How can we develop spiritual interdependence with the Lord? The idea of interdependence with the Lord may seem unusual at first. There are many ways in which we are dependent on him, but how is he dependent on us?

1. The entire plan of salvation is based on our willing cooperation. (The teacher might point out how each step on our part is dependent on a previous step by the Lord. For instance, Heavenly Father called the council, we decided, Adam fell, Christ atoned. If one step had been missing, the other steps could not have followed.)

2. He is especially dependent on us during mortality to teach salvation to each other. As an example, Chauncey Riddle of the Philosophy Department, Brigham Young University, emphasizes our responsibility to bear testimony so that the Holy Ghost can operate.”Your witness is the occasion and opportunity for his witness. Thus you are an important and even indispensable part of the Savior’s plan to save mankind. If no man bore true witness of God, the occasions for revelation from God would be so sharply diminished as to throw the world into another black night of apostasy.” (Speeches of the Year [Provo, Utah: Brigham Young University Press, 1970], p. 10.) In other words, the Lord relies on us to be his missionaries, to staff his church, to teach his classes.

3. He also counts on our hands to feed the hungry and clothe the naked.

4. In Elder Bruce R. McConkie’s words, we are “to rejoice in the Lord, to praise him for his goodness and grace, to ponder his eternal trust in [our] hearts, and to set [our] hearts on righteousness.”(“Think on These Things,” Ensign, January, 1974, p. 47.) Such praise helps us understand our true relationship with him, teaches us gratitude, and makes us open to learn from him.

5. We can love and obey him. Elder Boyd K. Packer said, “Just think of giving him the one thing, the one gift, that he would never take. Think of giving him that one thing that he would never wrest from you.” (BYU Devotional, December 7, 1971.) That one thing is our ungrudged obedience. The Lord desires it, but will never compel it. He said that our love can be measured by our obedience. And knowing how we yearn for love, how it is the very food that our spirits live on, think of what our love means to our Heavenly Father. We sometimes forget that our love extends back into the premortal life, that we are learning it again in mortality.

6. Since he desires to bless us, we can help by acknowledging that we are indeed dependent on him. One young woman said that being able to acknowledge her continuing need for the Lord actually solved two problems for her: it freed her from the impossible standard of always seeming competent, and also from her shame at seeking the Lord’s help only when she was absolutely driven to it.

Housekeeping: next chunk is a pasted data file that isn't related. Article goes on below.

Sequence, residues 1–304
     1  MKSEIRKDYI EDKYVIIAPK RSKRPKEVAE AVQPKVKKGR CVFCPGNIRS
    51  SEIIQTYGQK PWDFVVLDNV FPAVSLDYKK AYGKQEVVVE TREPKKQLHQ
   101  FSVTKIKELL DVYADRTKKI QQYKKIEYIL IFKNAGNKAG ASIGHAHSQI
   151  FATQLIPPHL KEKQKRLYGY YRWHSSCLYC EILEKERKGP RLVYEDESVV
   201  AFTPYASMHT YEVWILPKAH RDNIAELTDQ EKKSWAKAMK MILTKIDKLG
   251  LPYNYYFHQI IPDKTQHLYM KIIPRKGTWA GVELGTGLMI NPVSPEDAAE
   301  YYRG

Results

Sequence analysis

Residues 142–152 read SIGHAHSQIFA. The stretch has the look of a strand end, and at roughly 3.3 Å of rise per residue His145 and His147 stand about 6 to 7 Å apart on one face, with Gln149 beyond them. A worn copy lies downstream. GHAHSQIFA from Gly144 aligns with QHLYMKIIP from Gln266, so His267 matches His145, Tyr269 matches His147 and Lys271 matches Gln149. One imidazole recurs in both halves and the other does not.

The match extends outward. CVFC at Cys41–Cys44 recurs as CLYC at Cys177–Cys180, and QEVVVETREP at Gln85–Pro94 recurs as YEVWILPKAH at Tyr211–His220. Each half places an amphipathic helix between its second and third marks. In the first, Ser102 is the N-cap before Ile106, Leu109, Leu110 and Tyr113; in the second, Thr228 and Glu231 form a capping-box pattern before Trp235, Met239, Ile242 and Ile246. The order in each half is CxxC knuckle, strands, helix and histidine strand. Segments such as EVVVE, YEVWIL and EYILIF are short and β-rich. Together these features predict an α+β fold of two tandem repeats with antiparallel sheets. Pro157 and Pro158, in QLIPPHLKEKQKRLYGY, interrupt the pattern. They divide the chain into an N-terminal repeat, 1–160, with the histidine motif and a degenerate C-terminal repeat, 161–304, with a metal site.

Discussion Question

This question may sound easy, but think about it. What can God do for us? The Atonement is already accomplished if we will accept it.

(The teacher should emphasize that what we really need is to be loved and helped to progress. Guide the discussion to emphasize the means available to develop our personal relationship with the Lord. Answers might include reading the scriptures, studying our patriarchal blessings, praying and receiving answers – one sister said that her testimony began when she realized that the Lord cared for her enough to listen to and answer her individual prayers – hearing the testimony of others, loving and serving others, and participating in the temple endowment. Bring out the point that the Lord knows us intimately and is willing to reveal us to ourselves – not only our weaknesses, but also our unexplored resources and strengths.)

The quality of our relationship with others is a major factor in our interdependence with the Lord. (Lesson 4 discusses how we can develop our relationship with others.)


Sometimes salvation seems like an abstract and impersonal goal, but Elder Marion D. Hanks interpreted it in a strikingly warm and human way in relating this story. “After a meeting with a group of students recently one young man waited to ask a question. ‘Elder Hanks,’ he said,’what are your goals? What do you want to accomplish?’ I observed his seriousness of purpose and answered in the same spirit that my strongest desire is to qualify to be a friend of Christ. I had not responded to such a question just that way before, but the answer did put into words the deep yearnings of my heart.” (“Forgiveness: The Ultimate Form of Love,” Ensign, January 1974, p. 209.)


Christ “stand[s] at the door, and knock[s].”(Revelations3:20.) He is in our lives now, to the extent that we welcome him. To receive him with all our hearts, we must purify ourselves. By the testimony of the Spirit that has been here today, which labor are you called to? Where does your conscience tell you to strengthen yourself? He wants to love us with his perfect love and bless us with his matchless promises: “Eye hath not seen, nor ear heard, neither have entered into the heart of man, the things which God hath prepared for them that love him.”(1Corinthians 2:9.)